The AD Verification Team reviewed the above-mentioned ECOBANK salary account of Atty. Gono and found that that account was never used to accumulate savings. It was basically used as a conduit for the deposit of salary and the gradual withdrawal of salary. Accordingly, this account, most certainly, could never have been the base from which Atty. Gono accumulated the savings, from which he claimed the three-installment deposit of US$34,000 in only 2 months in the IBLL account was made. This invalid and incorrect explanation led the AD Verification Team to reasonably conclude unexplained wealth accumulation.

 

Second Phase Asset Declaration Assessment

In its second phase Asset Declaration assessment report, published October 7, 2013, the LACC named the following as first-category offenders cited for material and intentional misrepresentation of the facts on the Asset Declaration forms:

T. Nelson Williams (LPRC Managing Director),

Pete Norman,

Chris Massaquoi (Police Chief),

Brownie Samukai (Minister of Defense),

St. Jerome Larbalee,

Joseph Johnson,

Robert E. Cooper,

Danny B.B. Sarte (BIN Deputy)

Henry D. Moore

Samuel T. Nimely

Miekee S. Gray

Darlington George

Freddie Robert Taylor

Oretha Snyder Davis

Daniel Warner

Benedict F. Sannoh

Hilary Siakor-Sirleaf

Henrietta Badio

Abraham Siafa Fahnbulleh 

This second phase booked 19 of the 77 officials assessed. The first phase listed only four.

In the first phase of AD assessments, eighteen (18) officials simply refused to cooperate, and as such, their Asset Declarations were unverified:

1. Sebastian Muah, Deputy Minister MOF (cleared in second phase)

2. Christian G. Herbert, Deputy Minister MPW

3. Etweda Cooper, Supt. Grand Bassa Co MIA

4. Victor Boye Smith, Deputy Minister MPW

5. Abraham B. Samukai, Comptroller MPW

6. Toagoe Karzon, Comptroller MOH

7. Ernest Z. Coleman, Finance Officer/Ganta Hosp MOH

8. Magaret Ansumana, Deputy Commissioner LiMA

9. Emmanuel N. Reeves, Deputy Commissioner LiMA

10. Jefferson ES Witherspoon, Accounts Payable Manager LiMA

11. J. Tiah Nagbe, Deputy Minister MIA

12. Ernest Gray Davis, Asst Supt Dev/Bomi Co. MIA

13. John Z. Buway, Supt. Margibi Co. MIA

14. Enson J. Amara, Accountant LiMA

15. Florence Dukuly, Deputy Minister MIA

16. Victoria W. Duncan, Asst Supt Dev/Margibi Co. MIA

17. Nathaniel Gbaba, Deputy Managing Director NPA

18. Ernest Omaboe, Director of Security, LiMA

 

Eight could not be verified due to "outstanding issues".

1. Sam Foday Brown, Supt. Bomi Co., MIA

2. Samuel Kofi Woods, Minister MPW

3. Stephen M. Yekeson, Jr., Deputy Minister, MPW

4. Boom M. Wilson, Comptroller General, MOF (Cleared in second phase)

5. Matthew TK Flomo, Deputy Minister, MOH

6. Varney Sirleaf, Deputy Minister, MIA

7. Blamo Nelson, Minister, MIA

8. Vivian T. Cherue, Deputy Minister, MOH (cleared in second phase)

Three (3) officials asked to be exused and were so granted:

1. Ranney B Jackson, Deputy Minister, MIA
2. Neneh Kroyahn, Finance Manager, LiMA
3. Amara B. Konneh, Minister, MOF (cleared in second phase)

Of the 63 Asset Declarations assessed, 30 were verified as accurate:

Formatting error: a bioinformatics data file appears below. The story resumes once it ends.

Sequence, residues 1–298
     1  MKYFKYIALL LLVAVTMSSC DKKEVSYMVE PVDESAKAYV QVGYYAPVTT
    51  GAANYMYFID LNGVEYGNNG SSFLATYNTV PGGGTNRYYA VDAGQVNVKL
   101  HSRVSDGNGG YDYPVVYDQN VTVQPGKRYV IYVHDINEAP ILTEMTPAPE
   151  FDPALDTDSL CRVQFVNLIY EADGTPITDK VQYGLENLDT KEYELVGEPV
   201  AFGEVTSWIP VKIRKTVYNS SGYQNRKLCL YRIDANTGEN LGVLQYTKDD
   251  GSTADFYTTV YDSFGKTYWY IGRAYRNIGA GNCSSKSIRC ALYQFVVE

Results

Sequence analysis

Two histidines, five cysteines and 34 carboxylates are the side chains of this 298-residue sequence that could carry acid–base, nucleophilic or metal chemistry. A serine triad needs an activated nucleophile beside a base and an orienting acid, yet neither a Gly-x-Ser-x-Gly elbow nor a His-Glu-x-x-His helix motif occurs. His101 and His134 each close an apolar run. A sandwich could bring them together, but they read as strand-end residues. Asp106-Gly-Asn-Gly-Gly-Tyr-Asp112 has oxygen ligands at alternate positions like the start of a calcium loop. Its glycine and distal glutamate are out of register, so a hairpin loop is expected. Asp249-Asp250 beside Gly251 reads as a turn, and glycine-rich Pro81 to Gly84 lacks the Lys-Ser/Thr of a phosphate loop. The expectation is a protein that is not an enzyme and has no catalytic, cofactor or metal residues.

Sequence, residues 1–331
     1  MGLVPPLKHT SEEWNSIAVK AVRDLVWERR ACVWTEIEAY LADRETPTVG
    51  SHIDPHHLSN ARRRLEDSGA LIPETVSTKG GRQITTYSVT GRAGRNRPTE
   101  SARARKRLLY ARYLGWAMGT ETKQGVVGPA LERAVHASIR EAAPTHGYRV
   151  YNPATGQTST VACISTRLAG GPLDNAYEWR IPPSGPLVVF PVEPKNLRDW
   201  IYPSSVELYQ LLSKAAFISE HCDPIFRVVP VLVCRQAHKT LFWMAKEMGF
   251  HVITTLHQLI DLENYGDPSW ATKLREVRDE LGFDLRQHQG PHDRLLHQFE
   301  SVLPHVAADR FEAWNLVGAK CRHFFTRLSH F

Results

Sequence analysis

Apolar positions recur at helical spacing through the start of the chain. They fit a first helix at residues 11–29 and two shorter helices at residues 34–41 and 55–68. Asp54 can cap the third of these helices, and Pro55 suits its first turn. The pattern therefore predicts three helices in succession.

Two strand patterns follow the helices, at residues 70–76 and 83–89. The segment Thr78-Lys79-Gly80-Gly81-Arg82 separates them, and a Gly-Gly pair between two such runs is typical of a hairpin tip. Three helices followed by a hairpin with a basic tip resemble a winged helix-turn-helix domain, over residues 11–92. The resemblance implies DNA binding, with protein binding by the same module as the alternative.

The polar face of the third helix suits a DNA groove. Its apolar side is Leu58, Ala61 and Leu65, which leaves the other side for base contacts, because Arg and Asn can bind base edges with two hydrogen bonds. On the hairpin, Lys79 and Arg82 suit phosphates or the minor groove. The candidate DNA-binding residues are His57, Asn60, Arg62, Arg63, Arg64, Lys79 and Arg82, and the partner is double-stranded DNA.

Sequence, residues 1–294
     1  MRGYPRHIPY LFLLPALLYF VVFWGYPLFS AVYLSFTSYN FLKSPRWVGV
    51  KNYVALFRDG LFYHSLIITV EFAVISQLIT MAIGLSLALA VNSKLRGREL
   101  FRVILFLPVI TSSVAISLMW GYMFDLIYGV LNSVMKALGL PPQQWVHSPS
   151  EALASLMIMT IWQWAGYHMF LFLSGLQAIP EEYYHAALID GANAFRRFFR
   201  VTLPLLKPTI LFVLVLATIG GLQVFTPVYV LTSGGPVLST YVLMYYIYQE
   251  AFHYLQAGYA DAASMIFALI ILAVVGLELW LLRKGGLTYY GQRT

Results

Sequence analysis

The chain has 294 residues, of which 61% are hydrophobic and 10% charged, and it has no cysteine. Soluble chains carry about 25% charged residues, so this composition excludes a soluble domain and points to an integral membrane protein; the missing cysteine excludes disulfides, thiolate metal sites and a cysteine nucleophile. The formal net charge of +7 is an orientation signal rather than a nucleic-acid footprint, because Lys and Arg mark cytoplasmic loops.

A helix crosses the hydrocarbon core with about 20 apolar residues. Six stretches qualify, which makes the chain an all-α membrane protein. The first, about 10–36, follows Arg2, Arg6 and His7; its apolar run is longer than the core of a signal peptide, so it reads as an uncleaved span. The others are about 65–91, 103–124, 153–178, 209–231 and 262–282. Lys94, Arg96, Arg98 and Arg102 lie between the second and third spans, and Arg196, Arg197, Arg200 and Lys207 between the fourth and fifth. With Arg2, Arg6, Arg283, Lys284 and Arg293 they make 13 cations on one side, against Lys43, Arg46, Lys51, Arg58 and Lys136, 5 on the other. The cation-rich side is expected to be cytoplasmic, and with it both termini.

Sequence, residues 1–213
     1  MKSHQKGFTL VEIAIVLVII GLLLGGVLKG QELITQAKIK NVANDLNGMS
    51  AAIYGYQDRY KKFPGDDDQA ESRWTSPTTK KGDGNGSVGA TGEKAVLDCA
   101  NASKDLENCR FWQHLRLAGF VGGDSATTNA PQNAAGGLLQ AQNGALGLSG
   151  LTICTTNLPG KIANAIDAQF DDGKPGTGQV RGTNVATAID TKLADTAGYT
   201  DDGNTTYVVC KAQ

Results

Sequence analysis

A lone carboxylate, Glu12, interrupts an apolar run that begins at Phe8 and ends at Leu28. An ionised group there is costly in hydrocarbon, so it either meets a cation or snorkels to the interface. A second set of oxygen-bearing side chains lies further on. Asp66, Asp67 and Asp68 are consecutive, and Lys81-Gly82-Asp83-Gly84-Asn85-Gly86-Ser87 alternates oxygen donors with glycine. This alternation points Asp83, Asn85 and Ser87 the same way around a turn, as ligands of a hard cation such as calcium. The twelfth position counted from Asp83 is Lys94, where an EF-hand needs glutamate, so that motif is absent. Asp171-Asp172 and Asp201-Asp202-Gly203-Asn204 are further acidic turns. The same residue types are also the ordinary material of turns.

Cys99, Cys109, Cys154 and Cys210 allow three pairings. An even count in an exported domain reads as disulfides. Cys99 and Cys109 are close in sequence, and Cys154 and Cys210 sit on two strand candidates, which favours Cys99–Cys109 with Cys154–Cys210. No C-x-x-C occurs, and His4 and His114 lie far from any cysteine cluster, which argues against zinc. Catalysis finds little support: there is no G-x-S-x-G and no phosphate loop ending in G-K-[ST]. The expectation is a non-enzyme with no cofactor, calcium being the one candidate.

1. Z. Adonie Greaves, Asst. Supt for Development, MIA
2. Binyan Kessely, Commissioner, LiMA
3. Desire S. Satia, Finance Director, LiMA
4. Alexander Mitchell, Procurement Manager, LiMA
5. Christiana K. Pawlay, Comptroller, NPA

6. Patrick M. Konneh, Port Manager/Buchanan NPA
7. Joseph D. Wiles, Port Manager/Harper, NPA
8. Patrick B. Dunor, Port Manager/Greenville, NPA
9. Wheazor Mulbah, NPA
10. Christopher B. Gray, Procurement Manager, NPA

11. Nyekeh Forkpah, Deputy Managing Director, NPA
12. William L. Slour, Assistant Minister, MPW
13. Andrew K. Kear, Assistant Minister, MPW
14. B. Wion Kanteah, Sr., Procurement Director, MPW
15. Bonar Kerkula, Chief Accountant, MPW

16. Joseph Y. Forkpah, Assistant Comptroller, MPW
17. Decontee King Sackie, Assistant Minister, MOF
18. James F. Kollie, Deputy Minister, MOF
19. Angela Cassell-Bush, Deputy Minister, MOF
20. Dede D. Sandiman, Assistant Comptroller, MOF

21. Juah K. Feika, Commissioner, MOF
22. Sebastian Weah, Director, MOF
23. Jerry Taylor, Director, MOF
24. Frances Johnson Allison, Chairperson, LACC
25. Walter T. Gwenigale, Minister, MOH
26. Bernice Dahn, Chief Medical Officer, MOH

27. Ka-Rufus Morris, Procurement Director, MOH
28. Annette Dennis Doe ,Chief Accountant, MOH
29. Daniel D. Young, Hospital Administrator, MOH
30. Zolia Y. Martor, Assistant Minister/Planning, MOH

"It is a maxim amongst corruption fighters that ill-gotten wealth is going to show up somewhere – in bank accounts, in lifestyles, in personal property collections and in real estate investments etc," the LACC Asset Declaration report stated. "In an open and transparent society, ill-gotten wealth must not have hiding place(s)… In the fight against corruption there has to be examples – good examples made of those who lied on their AD forms, those who failed to file, and those who are caught spending well above their declared means. Without good examples made of violators of the public trust, the fight against corruption is doomed."

Six months to one year later, many of the officials listed, whose asset declarations were found wanting (not to mention those who have yet to declare their assets) still hold their positions. Most notable among them is NPA Director, Matilda Parker. These findings give solid evidence to the local and international outcries against unpunished corruption in the Ellen Johnson Sirleaf administration. It remains to to determined whether the incoming LACC boss will make good examples of these violators of public trust or soft-peddle the fight against corruption.